Anahita Temple of Kermanshah (Kangavar), Iran
Anahita Temple is the second largest stone-construction in Iran after Persepolis, located in Kangavar, Kermanshah. This temple has been attributed to Anahita, the goddess of water and the guardian angel of fountains. Anahita or Nahid also represents beauty, healing, and fertility. Evidently, the temple has served as a place for worshiping this divine figure. The remains of this edifice stands on the top of a hill on a platform and resembles Persian architecture and traditions of classical antiquity. It also exhibits Hellenistic architecture.
Controversial Story of Anahita Temple
The true identity of the main structure is controversial. Some scholars believe the construction used to function as a temple to worship Anahita. Others, on the other hand, refer to this building as an Unfinished Palace and attribute it to Khosrow Parviz, the last Sassanian King (reigned 590-628). Some have also referred to this site as the Temple of Artemis.
It is not easy to trace the history of this construction. The temple dates back to the classical era. Debate exists on the exact date of establishment of this erection, though. Excavations first began in 1986 but ceased later. This caused ambiguities in the historical survey of this archeological site. Some studies favor a date in the Parthian period (247 BC – 224 AD), and some prefer an Achaemenid date (700 to 330 BC). While yet others suggest a date from the Sassanian period (224 to 651 AD).
What Makes Anahita Temple Special?
- Anahita Temple is one of the 2 largest stone constructions in Iran.
- A miraculous architectural feature of the structure is that stones are fixed to each other with no mortar.
- Anahita Temple brings the Indo-Iranian mythology of Anahita, the divine figure of water, to life.
- The temple recalls ancient Persian traditions.
- The structure exhibits Persian-Hellenistic architecture.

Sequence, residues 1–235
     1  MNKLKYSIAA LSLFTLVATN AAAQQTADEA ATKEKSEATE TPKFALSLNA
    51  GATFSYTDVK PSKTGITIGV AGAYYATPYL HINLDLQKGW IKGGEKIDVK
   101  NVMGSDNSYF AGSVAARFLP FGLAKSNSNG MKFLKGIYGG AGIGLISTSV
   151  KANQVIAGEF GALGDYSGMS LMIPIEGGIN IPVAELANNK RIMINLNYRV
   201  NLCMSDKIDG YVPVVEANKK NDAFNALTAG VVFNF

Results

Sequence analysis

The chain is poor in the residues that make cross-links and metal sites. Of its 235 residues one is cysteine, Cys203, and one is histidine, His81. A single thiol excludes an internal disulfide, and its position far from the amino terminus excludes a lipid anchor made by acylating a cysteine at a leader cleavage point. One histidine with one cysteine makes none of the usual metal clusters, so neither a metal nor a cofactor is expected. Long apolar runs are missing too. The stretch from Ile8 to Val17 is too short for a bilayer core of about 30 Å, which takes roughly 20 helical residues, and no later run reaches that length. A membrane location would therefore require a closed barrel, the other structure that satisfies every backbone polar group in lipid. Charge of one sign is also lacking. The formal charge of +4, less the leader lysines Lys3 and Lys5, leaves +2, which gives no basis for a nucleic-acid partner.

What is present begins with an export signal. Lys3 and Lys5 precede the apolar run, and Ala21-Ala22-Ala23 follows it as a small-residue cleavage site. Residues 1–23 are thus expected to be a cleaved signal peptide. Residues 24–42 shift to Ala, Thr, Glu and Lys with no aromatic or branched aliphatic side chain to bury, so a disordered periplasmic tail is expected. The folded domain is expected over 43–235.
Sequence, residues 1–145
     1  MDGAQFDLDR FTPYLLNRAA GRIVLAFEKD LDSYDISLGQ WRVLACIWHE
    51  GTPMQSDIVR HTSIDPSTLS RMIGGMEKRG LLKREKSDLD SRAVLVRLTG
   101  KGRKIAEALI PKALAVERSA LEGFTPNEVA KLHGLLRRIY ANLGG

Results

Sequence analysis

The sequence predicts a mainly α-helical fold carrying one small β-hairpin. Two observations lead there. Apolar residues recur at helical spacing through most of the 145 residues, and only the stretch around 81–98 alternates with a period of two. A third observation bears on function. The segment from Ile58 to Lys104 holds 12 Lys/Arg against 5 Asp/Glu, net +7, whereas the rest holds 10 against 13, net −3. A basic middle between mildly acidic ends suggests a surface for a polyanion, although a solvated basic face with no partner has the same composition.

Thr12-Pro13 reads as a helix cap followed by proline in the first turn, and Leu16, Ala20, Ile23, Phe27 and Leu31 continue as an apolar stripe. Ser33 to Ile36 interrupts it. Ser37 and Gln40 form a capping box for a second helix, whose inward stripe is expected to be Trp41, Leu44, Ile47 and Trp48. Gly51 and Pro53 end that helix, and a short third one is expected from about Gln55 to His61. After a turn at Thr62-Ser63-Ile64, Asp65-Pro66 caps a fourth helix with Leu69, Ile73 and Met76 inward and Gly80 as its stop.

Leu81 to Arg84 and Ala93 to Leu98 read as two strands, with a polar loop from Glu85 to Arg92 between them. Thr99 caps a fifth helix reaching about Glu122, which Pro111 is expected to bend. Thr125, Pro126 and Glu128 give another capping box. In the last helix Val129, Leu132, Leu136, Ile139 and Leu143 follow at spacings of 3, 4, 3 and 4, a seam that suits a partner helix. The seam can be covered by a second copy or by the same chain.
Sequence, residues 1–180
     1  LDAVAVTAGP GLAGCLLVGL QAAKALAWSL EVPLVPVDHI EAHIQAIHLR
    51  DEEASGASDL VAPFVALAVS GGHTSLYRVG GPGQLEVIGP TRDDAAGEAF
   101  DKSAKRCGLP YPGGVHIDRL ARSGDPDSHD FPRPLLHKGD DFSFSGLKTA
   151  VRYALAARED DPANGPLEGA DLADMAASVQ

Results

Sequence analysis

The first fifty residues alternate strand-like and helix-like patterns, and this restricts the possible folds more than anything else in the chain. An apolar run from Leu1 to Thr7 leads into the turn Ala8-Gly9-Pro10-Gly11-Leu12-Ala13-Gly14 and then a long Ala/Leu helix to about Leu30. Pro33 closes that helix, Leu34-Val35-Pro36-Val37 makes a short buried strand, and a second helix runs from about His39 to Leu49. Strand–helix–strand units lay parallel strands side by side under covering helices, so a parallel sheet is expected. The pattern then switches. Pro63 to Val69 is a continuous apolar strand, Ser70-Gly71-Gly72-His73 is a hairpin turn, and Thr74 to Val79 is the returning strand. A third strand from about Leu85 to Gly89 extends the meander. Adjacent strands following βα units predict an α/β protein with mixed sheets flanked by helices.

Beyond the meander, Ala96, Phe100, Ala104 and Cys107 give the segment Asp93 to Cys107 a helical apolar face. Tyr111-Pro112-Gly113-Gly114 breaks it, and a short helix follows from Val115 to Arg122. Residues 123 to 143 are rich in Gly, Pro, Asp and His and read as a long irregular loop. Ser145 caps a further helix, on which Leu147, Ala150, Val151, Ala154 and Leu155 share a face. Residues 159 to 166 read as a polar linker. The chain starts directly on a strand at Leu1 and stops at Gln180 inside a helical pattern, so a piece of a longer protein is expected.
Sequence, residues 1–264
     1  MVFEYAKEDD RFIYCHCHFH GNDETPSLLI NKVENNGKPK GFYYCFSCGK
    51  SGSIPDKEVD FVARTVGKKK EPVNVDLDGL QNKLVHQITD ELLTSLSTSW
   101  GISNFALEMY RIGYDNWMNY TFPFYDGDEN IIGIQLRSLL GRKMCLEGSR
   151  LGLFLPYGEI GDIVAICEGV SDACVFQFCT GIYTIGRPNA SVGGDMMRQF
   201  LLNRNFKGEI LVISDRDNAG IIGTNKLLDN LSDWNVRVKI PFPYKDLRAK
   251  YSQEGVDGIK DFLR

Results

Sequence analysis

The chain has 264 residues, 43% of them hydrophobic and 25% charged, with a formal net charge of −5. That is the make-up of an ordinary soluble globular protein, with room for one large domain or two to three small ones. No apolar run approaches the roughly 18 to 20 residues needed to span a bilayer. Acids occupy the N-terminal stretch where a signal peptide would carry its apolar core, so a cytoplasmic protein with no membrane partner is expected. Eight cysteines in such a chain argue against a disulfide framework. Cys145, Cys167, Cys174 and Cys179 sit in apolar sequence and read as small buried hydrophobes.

- The building features an ancient Persian water-conducting system in a temple
The Architecture of Anahita Temple in Iran
Anahita Temple sits on a platform at the top of a hill. The hill is 32 m high and overlooks Kangavar plain. So, it offers a really scenic view. It has been very typical of Achaemenid era to build temples on the top of a hill on a stone platform. As a result, his strategic consideration leads to inaccessibility; hence preventing assaults on the structure.
The area of the edifice measures 6.4 acres. A two-sided staircase supports the platform. The walls of the building measure over 200 meters in length and are 18 meters thick. Above all, a rectangular structure lies inside the courtyard. Apparently, this building served as a temple for worshiping Anahita, the goddess of water. As you enter this structure from the northeastern side, you will see an engineering wonder from ancient times. In particular, stone ditches lie around a central major pool. These ditches were used to transfer water from the river to the central pond of the temple.
As climbing up the stairs back to the courtyard, take a closer look at the columns surrounding the temple. Although only bases have remained from these parallel pillars, they can inspire you with the magnificence of the edifice. A cemetery also lies in the eastern area of the building. The deceased buried here belong to the Parthian era (247 BC – 224 AD) and face the Anahita Temple. The construction has witnessed modifications over time. A mosque and a shrine are examples of modifications.
More About Anahita Temple
Attractions on the Way to and Around the Anahita Temple
Kangavar is located on the road from Kermanshah to Hamadan, identical to a trace of the ancient Silk Road, at a distance of circa 95 km from Kermanshah. Behistun, a stunning historical site, is on its way to Kangavar. So, make sure not to miss it. Besides the attractions in Kermanshah, there are also some fascinating cultural and geographical attractions in Kangavar.
These sites include Saraab River, Abdol Spring, Abdi Abad Spring, Seyfur Spring, Goudin Hill, Tavakol Ancient Bath, Grand Bath, Saari Aslaan Citadel, Imamzade Mosque, Kangavar Jame Mosque, Imamzade Bagher Shrine, and Seyyed Jamaleddin Derafsh Shrine. Moreover, Hill of the Jews, Elah dane Mine, Chehel maran Mine, National Garden Mine, Tower Hill, Kuche Brick Bridge, and Fash Village (the hub for manufacturing Iranian musical Instruments) are other examples. If you also long for western architecture in the east, on your way back to Kermanshah, consider visiting Garah Ban Village. This extraordinary village in the Zagros Mountains exhibits Russian architecture.
Restaurants Near the Temple
Are you planning to eat in Kangavar? Then, we have some suggestions for you:
- Hezaro yek shab (One Thousand and One Nights) Restaurant
- Gole Sorkh Restaurant
- Firooz Abadi Restaurant
- Mizban Restaurant
- Boroumand Kebab
- Classic Fast Food Restaurant
- Radical Fast Food Restaurant